Many of the errors discussed in my book and on my Web site are “eggcorns”: homophones or near-homophones incorrectly rendered. “Eggcorn” is a mistake for “acorn.’ “Baited breath“ is an eggcorn for “bated breath.“
Not all misspellings are considered eggcorns. There has to be some rationale for the alternate spelling. “Blindsighted” is an eggcorn for “blindsided” because the speaker imagines someone didn’t see something coming because he or she is blind. But the expression really means that the threat approached from one’s blind side. Eggcorns are a subspecies of what linguists refer to as “popular etymologies.”
This example is not particularly entertaining, but many eggcorns are.
“Blessing in the sky" for "blessing in disguise.”
"Gorilla warfare” for “guerilla warfare.”
“Love nuts” for “lug nuts.”
“Seizure salad” for “Caesar salad.”
“Pre-Madonna” for “primadonna.”
If you search for such phrases on the Web, you’re likely to find instances written by professional journalists to create a witty (or not so witty) pun.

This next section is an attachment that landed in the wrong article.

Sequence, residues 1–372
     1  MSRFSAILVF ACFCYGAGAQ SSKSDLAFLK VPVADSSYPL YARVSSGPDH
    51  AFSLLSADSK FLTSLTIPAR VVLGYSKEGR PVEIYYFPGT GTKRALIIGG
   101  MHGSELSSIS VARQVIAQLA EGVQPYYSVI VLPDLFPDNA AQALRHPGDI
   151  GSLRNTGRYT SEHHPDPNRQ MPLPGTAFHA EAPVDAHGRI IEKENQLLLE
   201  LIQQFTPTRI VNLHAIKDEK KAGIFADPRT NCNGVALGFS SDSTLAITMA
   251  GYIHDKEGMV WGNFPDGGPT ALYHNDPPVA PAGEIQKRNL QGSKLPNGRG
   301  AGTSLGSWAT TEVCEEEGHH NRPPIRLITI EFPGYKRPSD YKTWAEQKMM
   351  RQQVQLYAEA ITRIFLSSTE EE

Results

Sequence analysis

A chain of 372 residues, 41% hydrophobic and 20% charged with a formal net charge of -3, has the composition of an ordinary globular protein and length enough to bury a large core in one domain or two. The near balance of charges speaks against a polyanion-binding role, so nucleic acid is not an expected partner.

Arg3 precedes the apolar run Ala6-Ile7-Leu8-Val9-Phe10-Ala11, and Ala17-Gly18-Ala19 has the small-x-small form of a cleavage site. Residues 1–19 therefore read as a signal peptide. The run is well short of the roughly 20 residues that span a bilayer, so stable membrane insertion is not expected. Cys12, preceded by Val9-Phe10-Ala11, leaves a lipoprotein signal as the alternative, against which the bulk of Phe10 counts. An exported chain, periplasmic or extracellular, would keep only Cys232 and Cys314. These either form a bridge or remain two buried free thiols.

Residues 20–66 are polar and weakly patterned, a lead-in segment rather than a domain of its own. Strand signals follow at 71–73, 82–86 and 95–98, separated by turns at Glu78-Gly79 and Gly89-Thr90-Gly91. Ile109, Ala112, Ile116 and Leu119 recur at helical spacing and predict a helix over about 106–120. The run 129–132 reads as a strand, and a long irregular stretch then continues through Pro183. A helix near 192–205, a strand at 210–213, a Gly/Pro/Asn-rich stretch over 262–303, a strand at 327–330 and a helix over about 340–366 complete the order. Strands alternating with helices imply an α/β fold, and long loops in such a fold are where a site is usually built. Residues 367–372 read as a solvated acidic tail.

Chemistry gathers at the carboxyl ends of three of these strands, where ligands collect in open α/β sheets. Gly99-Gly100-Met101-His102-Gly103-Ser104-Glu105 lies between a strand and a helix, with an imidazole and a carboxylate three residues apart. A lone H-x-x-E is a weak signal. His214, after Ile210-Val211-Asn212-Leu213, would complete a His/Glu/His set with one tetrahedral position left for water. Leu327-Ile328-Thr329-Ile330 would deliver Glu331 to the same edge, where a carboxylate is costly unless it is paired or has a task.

You’ll find these and many more on my “More Errors” page.
The most important Web site for eggcorns is the Eggcorn Database to which I contribute occasionally.
My latest contribution was “ blow a casket.”
The keepers of the database don’t insist on the alternate version sounding precisely like the correct version of a word or expression, but it has to plausibly be the result of a mishearing.
I violated this rule when I submitted “withering around,” which doesn’t really sound the same as “writhing around.” Here the mistake is made by the eye rather than by the ear. So although I hope “blow a casket” will make it into the eggcorn database, “withering around” probably will not.
My “More Errors” page is more welcoming to non-homophone errors like “beautify a saint,” “Cadillac convertor,” and “Heineken remover.“
The one I added to my page this morning came from a Freecycle posting which offered “St. John’s Wart.” Back in the Middle Ages a genuine wart coming from the body of Saint John would have been highly desirable. Today, most people would rather have St. John’s wort.